Thanks for visiting the Digital Workplace Group (DWG) website. You'll see this post may refer to the "Intranet Benchmarking Forum (IBF)," the "Digital Workplace Forum (DWF)" or "IBF Live." But that doesn't match our website name!
In a nutshell, we merged IBF and DWF into one service and changed our name to "Digital Workplace Group." The new name represents the broader set of services we've grown to offer, beyond an original focus on just intranets. We also changed the name of our monthly webinar from "IBF Live" to "Digital Workplace Live."
Although we've relabelled things, we're proud of our decade+ history and have left this page intact. Enjoy your time on our site and please contact us with any questions or comments.
I’ve been talking to numerous owners of corporate websites lately to try and understand where the “internet prescence” of large enterprises is heading in the future. In my view the future for the “corporate website” looks bleak. Online services in large organisations are gradually melding, with the intranet, extranet and internet growing closer in technology, content and resourcing; due to synergies and efficiencies achieved.
This could be good news for the “internet teams” but it isn’t. In fact, the emerging trend is for increasing access to be given to intranets for people outside the firewall; suppliers, contractors, customers, former staff etc. Major companies globally are looking to open up to their marketplaces, customers and consumers. They are also looking to increase their presence and engagement with social media and emerging 2.0 technologies.
This trend was underlined this week by the ever influential John Chambers, Chairman and CEO of Cisco, who in his keynote address at the Cisco Partner Summit said that consumer and enterprise technologies will continue to merge, and no where will that be more prominent than in video, which he said will change the way people communicate and do business. Chambers pointed to Cisco’s purchase of the company that made the Flip video as a key advantage for Cisco as it moves into a more video-based future, where he said video will soon account for 90 percent of all network traffic.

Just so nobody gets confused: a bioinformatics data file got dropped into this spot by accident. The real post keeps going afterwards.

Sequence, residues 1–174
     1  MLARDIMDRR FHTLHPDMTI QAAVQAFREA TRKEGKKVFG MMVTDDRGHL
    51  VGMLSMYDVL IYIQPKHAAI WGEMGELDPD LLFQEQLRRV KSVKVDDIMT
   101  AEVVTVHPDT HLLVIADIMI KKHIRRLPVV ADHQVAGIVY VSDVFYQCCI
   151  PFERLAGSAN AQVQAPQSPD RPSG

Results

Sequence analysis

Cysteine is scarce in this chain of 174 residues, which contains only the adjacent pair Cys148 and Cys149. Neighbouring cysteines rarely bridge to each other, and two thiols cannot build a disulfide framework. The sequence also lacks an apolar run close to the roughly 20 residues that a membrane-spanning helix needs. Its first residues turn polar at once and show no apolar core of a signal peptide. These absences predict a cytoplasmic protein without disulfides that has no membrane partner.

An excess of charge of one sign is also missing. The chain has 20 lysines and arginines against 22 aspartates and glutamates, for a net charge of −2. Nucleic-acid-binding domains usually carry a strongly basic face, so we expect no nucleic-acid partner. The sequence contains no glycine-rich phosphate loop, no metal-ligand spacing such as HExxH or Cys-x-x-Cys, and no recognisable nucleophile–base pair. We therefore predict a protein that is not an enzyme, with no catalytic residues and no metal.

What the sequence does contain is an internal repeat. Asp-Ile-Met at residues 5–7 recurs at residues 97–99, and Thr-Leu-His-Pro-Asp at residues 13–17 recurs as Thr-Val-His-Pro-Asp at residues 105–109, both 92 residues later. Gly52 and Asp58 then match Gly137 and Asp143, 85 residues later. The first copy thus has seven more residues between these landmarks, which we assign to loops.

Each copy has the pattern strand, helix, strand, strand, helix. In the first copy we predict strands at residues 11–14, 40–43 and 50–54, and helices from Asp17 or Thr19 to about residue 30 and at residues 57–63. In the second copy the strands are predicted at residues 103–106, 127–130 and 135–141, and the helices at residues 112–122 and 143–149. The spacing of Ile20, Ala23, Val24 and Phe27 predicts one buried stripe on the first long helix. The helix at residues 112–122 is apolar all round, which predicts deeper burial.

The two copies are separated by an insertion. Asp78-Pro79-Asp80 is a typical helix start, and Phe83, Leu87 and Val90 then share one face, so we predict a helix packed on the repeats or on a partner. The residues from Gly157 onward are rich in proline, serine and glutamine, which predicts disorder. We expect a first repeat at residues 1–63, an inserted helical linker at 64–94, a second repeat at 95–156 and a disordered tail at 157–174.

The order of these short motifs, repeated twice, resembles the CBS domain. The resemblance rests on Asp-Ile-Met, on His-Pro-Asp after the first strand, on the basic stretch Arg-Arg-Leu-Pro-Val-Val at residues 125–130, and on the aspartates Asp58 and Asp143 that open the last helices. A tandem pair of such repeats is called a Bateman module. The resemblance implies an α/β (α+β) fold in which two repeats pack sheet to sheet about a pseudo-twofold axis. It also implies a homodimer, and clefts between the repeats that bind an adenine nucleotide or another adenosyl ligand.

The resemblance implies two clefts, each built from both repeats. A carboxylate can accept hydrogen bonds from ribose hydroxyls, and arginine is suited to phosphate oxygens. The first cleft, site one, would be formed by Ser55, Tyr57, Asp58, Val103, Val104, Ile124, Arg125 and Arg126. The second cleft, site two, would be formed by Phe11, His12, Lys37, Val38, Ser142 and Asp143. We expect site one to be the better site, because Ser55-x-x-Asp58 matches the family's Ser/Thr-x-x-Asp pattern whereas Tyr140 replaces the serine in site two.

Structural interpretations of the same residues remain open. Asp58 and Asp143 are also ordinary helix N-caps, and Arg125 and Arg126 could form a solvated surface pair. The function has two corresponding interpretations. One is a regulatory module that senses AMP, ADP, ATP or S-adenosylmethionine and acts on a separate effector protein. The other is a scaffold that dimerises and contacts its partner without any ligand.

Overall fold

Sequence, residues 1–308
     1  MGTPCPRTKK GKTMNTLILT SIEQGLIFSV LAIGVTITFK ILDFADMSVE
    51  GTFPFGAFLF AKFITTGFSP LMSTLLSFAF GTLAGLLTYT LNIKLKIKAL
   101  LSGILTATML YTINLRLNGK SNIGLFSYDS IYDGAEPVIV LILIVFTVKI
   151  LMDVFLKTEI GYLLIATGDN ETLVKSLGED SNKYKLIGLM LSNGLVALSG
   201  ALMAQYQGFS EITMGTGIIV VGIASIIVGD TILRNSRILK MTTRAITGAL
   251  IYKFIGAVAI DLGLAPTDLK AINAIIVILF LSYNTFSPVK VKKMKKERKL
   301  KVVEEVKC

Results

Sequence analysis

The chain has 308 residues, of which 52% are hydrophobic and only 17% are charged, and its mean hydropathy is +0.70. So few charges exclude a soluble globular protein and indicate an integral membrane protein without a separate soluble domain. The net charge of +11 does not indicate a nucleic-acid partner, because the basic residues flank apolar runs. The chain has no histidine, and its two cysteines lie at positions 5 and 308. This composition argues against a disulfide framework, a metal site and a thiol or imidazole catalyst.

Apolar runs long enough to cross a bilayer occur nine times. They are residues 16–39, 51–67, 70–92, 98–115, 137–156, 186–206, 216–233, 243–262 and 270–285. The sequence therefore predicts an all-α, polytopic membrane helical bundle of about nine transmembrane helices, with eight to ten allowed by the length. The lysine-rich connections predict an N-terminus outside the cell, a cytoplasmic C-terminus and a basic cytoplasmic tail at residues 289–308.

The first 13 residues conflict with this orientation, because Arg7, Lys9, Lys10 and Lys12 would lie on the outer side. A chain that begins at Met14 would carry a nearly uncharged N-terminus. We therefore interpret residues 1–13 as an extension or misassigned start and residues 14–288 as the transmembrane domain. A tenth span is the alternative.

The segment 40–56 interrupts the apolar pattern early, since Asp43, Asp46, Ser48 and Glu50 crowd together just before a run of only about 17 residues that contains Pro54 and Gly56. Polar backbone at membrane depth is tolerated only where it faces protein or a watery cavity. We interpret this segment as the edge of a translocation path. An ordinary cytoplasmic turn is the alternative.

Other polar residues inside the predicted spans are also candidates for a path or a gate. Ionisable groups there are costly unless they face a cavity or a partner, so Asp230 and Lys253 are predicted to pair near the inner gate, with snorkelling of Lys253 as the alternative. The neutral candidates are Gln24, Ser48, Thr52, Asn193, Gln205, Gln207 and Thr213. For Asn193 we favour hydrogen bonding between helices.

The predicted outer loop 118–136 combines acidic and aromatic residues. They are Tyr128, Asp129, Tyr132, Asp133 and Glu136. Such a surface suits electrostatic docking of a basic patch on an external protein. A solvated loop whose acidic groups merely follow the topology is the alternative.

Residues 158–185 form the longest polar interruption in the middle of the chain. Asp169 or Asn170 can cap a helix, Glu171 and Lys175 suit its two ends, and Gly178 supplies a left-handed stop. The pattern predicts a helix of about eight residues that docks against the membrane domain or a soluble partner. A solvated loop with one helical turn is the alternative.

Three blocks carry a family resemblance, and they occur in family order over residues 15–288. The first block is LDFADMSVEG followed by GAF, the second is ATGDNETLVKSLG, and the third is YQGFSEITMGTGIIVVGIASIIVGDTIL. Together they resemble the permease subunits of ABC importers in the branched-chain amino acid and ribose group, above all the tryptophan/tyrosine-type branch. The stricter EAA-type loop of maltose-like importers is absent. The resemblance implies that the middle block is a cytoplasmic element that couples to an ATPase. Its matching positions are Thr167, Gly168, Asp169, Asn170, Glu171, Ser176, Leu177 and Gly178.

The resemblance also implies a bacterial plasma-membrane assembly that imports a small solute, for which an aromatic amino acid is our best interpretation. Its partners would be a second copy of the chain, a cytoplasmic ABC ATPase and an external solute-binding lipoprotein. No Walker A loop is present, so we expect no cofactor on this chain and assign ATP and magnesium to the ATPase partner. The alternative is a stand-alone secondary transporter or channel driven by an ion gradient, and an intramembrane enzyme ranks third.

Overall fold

Intranet teams are being given increasing responsibility for engagement beyond the firewall and they have flourished during the recession while corporate website budgets have been cut. We always felt that the internet might absorb the intranet; but in looks firmly that the direction will be reversed as areas of the intranet are opened up to investors, media, job applicants, environmental groups and customers.
Where does that leave the corporate website? They are stuck it seems. Caught between the ever increasingly important intranet spaces and the dynamic expanding 2.0 world, they look like yesterday’s story with declining funding, static role and no clear future direction. The corporate website starts to look like the marketing brochures of the past: meeting a need but no more.
This is all good for the intranet teams. For years they have been the “cinderella” of the online world but with lots of experience of optimising with low resource and innovation, the future looks very bright as their remit extends.